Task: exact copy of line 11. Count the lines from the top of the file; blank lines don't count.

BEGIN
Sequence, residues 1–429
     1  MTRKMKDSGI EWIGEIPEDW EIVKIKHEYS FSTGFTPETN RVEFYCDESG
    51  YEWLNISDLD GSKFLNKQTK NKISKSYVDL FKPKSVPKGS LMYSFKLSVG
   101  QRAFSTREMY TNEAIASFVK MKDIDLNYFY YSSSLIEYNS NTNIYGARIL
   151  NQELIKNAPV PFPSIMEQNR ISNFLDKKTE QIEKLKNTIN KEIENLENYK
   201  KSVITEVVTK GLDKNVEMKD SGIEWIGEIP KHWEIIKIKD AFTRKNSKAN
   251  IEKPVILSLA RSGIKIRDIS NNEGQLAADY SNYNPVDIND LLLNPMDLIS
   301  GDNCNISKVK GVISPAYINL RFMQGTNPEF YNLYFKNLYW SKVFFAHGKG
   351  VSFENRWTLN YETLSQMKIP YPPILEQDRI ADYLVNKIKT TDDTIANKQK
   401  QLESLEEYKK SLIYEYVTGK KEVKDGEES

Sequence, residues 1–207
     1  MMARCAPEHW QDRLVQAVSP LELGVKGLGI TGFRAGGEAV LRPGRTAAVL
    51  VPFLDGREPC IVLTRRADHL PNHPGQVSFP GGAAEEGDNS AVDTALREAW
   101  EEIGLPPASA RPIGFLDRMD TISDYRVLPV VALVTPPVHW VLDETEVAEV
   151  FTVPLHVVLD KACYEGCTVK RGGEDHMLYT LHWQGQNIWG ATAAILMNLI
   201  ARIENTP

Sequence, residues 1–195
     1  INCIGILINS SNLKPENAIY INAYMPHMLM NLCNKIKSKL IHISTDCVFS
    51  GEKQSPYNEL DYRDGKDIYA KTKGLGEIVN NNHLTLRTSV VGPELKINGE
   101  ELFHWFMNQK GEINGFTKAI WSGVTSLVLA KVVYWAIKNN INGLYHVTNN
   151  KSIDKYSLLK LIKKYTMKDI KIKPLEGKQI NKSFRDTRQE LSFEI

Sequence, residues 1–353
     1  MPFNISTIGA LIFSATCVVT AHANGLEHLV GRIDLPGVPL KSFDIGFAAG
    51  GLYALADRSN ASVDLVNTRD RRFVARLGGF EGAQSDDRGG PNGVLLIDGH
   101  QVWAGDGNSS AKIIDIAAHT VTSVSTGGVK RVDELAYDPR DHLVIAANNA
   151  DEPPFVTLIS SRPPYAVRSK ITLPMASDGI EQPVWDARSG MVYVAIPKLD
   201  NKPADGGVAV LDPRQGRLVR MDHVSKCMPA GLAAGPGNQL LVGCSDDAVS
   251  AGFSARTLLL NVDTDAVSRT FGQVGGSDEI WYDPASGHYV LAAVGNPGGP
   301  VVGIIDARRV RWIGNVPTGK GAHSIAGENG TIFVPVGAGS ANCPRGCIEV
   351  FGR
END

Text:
Sequence, residues 1–207